The phrases “yellow journalism” and “gutter journalism”, associated with newspaper tycoons of an earlier epoch, are inadequate to describe the role played by the US mass media in the war in Iraq, and more generally in contemporary American life.
The scoundrels who control the print and television media seek on a daily basis to delude the people, debase political discourse and pollute the moral and social atmosphere.
Reflected in the ability of broadcasters and columnists to disseminate, with a straight face, the most absurd lies supplied by the Pentagon and the White House is not merely personal corruption, but, more fundamentally, the political disorientation and intellectual decay of the American ruling elite.
The US media has played a material role in preparing the unfolding disaster in Iraq. By prohibiting critical voices and propagating the myth of “national unity” against the devil incarnate, Saddam Hussein, journalists have assisted Bush, Rumsfeld, Cheney & Co. in carrying out their aggression.
When more than 10 million people filled the streets of cities across the globe—in the largest single day of international political protest in history—US television barely covered the event.
The “embedding” of 500 American journalists in military units sums up the relations between the media and the Pentagon. This arrangement is aimed at assuring the military’s control over coverage and forcing journalists to identify fully with the war effort.
Not since Joseph Goebbels served as Hitler’s propaganda minister has there been such an orchestration of the media. It would take a Goebbels to dub this war of colonial aggression “Operation Iraqi Freedom,” and TV networks and newspapers worthy of the Nazi-dominated German press to go along with it.
The range of political commentary on the television networks runs the gamut from A to B: from the conservative to the fascistic. The same group of “talking heads” appears night after night, offering commentary that inevitably coincides with the interests of the corporate and political establishment.
The onset of war has seen the appearance of a new group of “experts” and “consultants,” a stream of retired generals and CIA officials, smugly predicting the annihilation of Iraqi soldiers and the devastation of the defenseless country.
The demonstration by thousands outside the Los Angeles headquarters of CNN, the cable news network, expressed the instinctive revulsion felt by millions for a media that has been transformed into a propaganda arm of the US government. It is entirely appropriate that outraged protesters should descend on CNN, ABC, CBS, NBC and the particularly odious Fox News, one of Rupert Murdoch’s assets.
The erstwhile liberal media has made its particular contribution to the war. The Washington Post has become an open drumbeater for aggression in the Middle East, predicting that throngs of joyful Iraqis would greet their “liberators”. The New York Times lent credence to Bush’s lies and praised his “statesmanlike” approach. If the Times expresses hesitations today about the war, it is only out of concern that Bush’s management of the conflict may redound against the long-term interests of American imperialism.
The present state of the media is the result of a decades-long process, bound up with the growth of social polarization in the US and the decay of American democracy. The hostility to opposition and criticism of government policy has grown in tandem with the concentration into the hands of a few conglomerates of television, radio and newspaper outlets.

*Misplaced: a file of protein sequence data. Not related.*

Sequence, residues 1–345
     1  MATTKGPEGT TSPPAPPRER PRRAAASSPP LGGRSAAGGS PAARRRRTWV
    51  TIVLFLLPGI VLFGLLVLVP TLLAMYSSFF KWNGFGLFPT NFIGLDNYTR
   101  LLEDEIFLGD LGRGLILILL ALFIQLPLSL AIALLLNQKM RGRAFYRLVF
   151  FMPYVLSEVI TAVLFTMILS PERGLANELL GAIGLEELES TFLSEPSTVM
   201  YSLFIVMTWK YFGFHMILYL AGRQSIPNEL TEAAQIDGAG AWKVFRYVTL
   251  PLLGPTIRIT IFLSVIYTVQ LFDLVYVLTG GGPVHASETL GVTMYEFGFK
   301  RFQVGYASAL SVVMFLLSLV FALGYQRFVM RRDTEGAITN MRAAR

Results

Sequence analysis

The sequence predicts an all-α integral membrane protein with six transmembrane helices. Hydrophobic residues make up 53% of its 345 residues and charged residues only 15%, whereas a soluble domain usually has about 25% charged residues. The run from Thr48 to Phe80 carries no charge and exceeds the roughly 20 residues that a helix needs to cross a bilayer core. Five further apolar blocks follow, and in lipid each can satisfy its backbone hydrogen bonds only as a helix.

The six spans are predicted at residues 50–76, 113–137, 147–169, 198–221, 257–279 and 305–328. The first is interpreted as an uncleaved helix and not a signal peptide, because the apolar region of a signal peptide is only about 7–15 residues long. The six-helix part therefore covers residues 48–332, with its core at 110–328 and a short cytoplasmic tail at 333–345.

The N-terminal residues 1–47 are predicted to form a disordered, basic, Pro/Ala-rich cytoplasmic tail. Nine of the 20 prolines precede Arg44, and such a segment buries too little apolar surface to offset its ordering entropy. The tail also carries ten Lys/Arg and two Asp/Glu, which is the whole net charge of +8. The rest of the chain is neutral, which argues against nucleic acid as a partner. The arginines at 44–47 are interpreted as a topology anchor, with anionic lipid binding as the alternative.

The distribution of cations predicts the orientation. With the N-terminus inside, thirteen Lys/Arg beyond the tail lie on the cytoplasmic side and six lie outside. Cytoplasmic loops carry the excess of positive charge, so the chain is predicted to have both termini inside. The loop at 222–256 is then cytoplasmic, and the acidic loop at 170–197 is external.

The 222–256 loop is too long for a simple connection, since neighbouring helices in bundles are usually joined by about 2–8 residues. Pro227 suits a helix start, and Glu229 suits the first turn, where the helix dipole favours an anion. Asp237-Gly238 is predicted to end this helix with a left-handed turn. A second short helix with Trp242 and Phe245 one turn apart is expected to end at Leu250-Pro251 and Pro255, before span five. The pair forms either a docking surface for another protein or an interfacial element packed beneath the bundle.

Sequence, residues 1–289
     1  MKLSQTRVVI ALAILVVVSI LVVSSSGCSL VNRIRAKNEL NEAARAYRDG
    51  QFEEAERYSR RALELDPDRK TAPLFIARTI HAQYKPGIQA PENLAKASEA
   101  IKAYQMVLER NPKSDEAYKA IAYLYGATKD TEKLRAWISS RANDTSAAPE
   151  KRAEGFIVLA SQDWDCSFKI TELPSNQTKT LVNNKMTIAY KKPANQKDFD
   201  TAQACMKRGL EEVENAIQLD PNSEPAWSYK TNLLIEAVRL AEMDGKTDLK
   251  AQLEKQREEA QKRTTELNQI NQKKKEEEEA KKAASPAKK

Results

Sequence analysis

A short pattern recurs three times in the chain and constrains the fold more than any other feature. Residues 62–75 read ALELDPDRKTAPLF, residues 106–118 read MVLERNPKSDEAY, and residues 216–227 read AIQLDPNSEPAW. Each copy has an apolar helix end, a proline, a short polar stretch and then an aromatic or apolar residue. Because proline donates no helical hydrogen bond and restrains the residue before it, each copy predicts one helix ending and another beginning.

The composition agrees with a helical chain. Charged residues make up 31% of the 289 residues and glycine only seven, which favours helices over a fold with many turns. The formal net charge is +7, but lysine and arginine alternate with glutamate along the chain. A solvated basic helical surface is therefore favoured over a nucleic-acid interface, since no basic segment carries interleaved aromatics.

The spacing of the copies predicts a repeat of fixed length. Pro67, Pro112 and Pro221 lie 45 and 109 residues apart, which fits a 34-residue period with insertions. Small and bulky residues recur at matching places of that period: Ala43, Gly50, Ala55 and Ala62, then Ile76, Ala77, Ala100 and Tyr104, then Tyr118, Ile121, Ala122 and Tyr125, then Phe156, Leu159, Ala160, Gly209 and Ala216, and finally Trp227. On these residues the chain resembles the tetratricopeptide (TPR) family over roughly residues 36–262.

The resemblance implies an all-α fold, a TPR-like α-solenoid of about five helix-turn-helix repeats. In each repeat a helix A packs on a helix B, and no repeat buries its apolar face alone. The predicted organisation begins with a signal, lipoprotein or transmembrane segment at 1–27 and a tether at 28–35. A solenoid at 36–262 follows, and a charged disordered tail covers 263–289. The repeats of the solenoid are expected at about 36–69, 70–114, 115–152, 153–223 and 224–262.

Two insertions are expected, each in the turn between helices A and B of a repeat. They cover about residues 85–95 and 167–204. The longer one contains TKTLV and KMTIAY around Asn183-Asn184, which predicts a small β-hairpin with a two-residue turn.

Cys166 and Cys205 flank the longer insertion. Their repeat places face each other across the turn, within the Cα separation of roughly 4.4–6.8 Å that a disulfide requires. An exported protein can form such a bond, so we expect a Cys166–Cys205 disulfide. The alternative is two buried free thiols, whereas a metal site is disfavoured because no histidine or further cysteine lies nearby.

The World Socialist Web Site, launched in February 1998 by the International Committee of the Fourth International, was founded to provide an international readership with a daily analysis and commentary on world events that is grounded on an international socialist perspective. Not only has the WSWS provided a political alternative to the right-wing agendas of the various capitalist regimes, it has offered a serious appraisal of contemporary political, social and cultural developments.
In five years, in thousands of articles and in various languages, the WSWS has consistently advanced a socialist and internationalist program. It has won a considerable global readership as the result of its principled approach. In the struggle to arouse and educate the population, the WSWS makes an appeal to its readers’ intellect, sense of justice and fairness, concern for truth, and spirit of self-sacrifice and human solidarity.
Marxists understand that far-reaching social change comes about as the result of profound objective processes and an equally profound intellectual and cultural reorientation of masses of people. A significant obstacle that lies in the path of those entering into struggle against imperialist war and social inequality today is the generally low level of class consciousness and historical knowledge.
The WSWS must play a leading role in rebuilding the extraordinary socialist political culture that emerged in the last decades of the nineteenth century and was so grievously damaged by Stalinism. Marxism, as viewed by its greatest proponents, was not merely a political program, but an intellectual current of unparalleled depth and breadth, which subjected every aspect of bourgeois society to criticism.
Much work remains to be done. The WSWS needs new readers and new writers; it needs to explore new subjects and themes; it needs an ever more profound interaction between readers and writers. The widespread influence of the WSWS will be an essential ingredient in a new international revolutionary upsurge.
This conference calls for ending the private monopoly of the means of information and communication by giant corporations, whose profit interests collide at every point with the presentation of honest information and progressive thought. We call for placing the mass media—television, radio and the big print media—under public ownership and the democratic control of the working people.
This conference further pledges to develop the World Socialist Web Site as a critical instrument of political, cultural and moral opposition to capitalism, and to extend its influence throughout the world.